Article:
Five days ago the CDC issued a Level 2 (Enhanced Precautions) Travel Alert for Zika Virus for portions of South & Central America and the Caribbean, and while specifically mentioning 14 countries and territories, granted that the number of affected regions would likely expand.
As of today, PAHO lists 20 countries and territories in the Americas with autochthonous transmission of the Zika Virus, and that number is only expected to rise.
Yesterday it was widely reported (see 2 cases of Zika virus confirmed in Miami-Dade County) that Florida's DOH had confirmed 3 recently arrived international travelers had been diagnosed with the Zika virus; two in Miami-Dade who returned from Columbia last month, and one in Hillsborough County who visited Venezuela in December.
Again yesterday, the Illinois State Department of Health announced two pregnant women - with recent travel to Zika endemic areas - have tested positive for the virus.
Two pregnant Illinois residents who recently traveled to countries where Zika virus is found have tested positive for the virus. Physicians are monitoring their health and pregnancies.
“There is virtually no risk to Illinois residents since you cannot contract Zika virus from another person, but only through the bite of an infected mosquito,” said IDPH Director Nirav D. Shah, M.D., J.D. “But since this is a time of year when people travel to warmer climates and countries where Zika virus is found, we are urging residents, especially pregnant women, to take preventive measures when traveling in affected countries and check health travel advisories.”SPRINGFIELD – The Illinois Department of Public Health (IDPH) is alerting the public of the potential of contracting Zika virus while traveling abroad. Zika virus is spread to people through mosquito bites, similar to West Nile virus or dengue fever. While illness is usually mild and severe disease requiring hospitalization is uncommon, there is a possible link between Zika virus infection in pregnant women and subsequent birth defects.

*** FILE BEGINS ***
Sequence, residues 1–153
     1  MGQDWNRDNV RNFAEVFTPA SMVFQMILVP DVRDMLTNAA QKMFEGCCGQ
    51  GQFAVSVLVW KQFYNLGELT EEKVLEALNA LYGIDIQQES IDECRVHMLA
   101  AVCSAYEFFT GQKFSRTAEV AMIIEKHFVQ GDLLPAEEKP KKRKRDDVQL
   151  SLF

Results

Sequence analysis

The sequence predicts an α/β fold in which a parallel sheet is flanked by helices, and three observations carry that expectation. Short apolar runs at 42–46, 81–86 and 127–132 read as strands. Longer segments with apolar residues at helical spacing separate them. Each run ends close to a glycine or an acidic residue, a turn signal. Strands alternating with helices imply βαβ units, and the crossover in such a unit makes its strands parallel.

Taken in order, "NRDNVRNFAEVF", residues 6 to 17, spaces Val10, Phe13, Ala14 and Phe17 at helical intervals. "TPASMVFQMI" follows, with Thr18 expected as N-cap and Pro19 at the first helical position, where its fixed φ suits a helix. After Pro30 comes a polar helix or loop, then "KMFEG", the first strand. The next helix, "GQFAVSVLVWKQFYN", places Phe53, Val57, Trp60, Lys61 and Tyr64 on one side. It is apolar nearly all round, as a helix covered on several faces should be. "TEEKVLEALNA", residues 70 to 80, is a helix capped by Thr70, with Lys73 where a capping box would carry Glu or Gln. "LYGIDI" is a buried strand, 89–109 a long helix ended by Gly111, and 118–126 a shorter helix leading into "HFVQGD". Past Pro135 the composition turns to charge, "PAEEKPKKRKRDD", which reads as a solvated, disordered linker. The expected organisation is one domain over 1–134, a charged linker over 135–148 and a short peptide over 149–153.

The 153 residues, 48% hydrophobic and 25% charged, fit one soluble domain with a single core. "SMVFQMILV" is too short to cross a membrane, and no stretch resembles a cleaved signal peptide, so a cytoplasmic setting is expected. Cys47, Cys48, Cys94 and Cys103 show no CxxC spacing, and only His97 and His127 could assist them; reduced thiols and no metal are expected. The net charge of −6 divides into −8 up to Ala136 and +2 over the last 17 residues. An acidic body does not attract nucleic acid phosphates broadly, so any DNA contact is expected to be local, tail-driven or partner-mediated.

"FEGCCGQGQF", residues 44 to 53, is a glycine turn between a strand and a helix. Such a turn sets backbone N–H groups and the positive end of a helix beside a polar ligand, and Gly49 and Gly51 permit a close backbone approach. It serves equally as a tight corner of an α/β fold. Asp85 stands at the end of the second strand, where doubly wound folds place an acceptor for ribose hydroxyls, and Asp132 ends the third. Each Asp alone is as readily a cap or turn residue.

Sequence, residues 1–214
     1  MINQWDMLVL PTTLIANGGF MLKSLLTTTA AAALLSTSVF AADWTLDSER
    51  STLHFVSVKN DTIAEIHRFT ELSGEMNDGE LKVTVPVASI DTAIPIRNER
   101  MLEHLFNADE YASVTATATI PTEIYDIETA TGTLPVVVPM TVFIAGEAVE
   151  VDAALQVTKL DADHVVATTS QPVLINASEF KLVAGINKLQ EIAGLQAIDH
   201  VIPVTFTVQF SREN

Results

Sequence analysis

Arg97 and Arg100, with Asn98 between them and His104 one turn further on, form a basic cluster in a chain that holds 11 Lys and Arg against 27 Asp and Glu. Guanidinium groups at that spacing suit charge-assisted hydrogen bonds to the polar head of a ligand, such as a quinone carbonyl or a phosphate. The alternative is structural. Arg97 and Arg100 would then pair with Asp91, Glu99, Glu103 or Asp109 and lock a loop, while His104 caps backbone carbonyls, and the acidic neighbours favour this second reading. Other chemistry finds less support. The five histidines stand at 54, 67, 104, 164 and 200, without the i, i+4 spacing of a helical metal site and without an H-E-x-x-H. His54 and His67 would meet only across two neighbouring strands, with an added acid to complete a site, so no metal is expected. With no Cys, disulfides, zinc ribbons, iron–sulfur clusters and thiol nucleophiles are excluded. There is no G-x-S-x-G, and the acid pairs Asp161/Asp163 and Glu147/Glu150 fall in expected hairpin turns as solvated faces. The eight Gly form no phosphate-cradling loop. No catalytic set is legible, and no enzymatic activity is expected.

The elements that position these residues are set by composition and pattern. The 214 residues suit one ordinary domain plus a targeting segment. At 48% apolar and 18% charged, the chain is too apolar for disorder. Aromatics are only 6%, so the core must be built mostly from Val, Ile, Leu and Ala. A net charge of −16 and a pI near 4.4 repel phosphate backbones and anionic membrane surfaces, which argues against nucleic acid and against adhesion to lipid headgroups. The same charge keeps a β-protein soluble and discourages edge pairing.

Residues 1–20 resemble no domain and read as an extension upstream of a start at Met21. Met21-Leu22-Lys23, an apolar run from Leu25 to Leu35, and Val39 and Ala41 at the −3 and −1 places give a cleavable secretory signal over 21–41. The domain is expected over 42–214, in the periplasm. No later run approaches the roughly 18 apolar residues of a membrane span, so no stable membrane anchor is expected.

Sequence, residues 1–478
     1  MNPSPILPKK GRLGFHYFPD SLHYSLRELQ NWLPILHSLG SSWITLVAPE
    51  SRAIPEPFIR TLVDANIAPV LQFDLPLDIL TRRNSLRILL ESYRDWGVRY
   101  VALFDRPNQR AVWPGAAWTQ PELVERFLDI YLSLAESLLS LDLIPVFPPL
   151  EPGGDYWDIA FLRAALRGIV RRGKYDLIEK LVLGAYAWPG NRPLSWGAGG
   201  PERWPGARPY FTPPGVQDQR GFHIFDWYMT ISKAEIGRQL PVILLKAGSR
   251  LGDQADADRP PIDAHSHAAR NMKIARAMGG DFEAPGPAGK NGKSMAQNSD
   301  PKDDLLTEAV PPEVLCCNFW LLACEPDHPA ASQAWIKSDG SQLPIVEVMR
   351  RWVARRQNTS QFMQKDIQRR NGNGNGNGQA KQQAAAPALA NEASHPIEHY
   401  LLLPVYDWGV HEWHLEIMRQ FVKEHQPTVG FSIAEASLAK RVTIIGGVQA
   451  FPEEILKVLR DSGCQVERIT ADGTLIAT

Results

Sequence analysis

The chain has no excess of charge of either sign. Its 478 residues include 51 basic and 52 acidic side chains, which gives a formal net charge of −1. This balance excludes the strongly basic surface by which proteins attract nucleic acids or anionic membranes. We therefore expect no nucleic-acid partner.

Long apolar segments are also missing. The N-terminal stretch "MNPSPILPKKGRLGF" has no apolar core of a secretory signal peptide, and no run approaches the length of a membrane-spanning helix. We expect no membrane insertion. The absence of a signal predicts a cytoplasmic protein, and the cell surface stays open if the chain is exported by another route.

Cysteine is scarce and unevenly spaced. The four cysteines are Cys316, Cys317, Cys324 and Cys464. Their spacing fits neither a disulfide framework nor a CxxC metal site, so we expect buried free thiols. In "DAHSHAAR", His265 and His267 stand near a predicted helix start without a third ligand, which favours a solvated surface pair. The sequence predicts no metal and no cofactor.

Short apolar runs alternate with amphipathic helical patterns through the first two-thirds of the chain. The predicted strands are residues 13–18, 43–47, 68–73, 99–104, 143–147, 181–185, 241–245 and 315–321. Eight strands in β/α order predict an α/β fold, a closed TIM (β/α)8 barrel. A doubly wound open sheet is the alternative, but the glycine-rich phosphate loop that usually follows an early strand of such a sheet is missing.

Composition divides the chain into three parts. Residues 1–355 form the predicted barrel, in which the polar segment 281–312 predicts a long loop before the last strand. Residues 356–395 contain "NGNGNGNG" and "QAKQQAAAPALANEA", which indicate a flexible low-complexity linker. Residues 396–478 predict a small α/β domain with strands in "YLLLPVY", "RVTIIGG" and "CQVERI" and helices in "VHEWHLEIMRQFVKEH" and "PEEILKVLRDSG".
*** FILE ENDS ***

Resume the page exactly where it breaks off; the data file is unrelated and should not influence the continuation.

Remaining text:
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This is precisely the kind of scenario the CDC hopes to avoid going forward with their recently issued travel warning.
During the dead of winter mosquito activity is practically non-existent across much of the nation, and significantly dampened even here in central Florida. Were this summer or fall, there would be greater concern over the possibility of viremic visitors `seeding' the virus into local mosquito populations and sparking local transmission.
This is how both Dengue and Chikunungya are believed to have been (temporarily) introduced into Florida's mosquito population in recent years, and local transmission has occurred (see Arboviruses: (Already) Coming To America).
With Zika, Dengue and Chikungunya all spreading rapidly across the tropical Americas, this is a threat we will undoubtedly have to deal with increasingly over the coming months and years.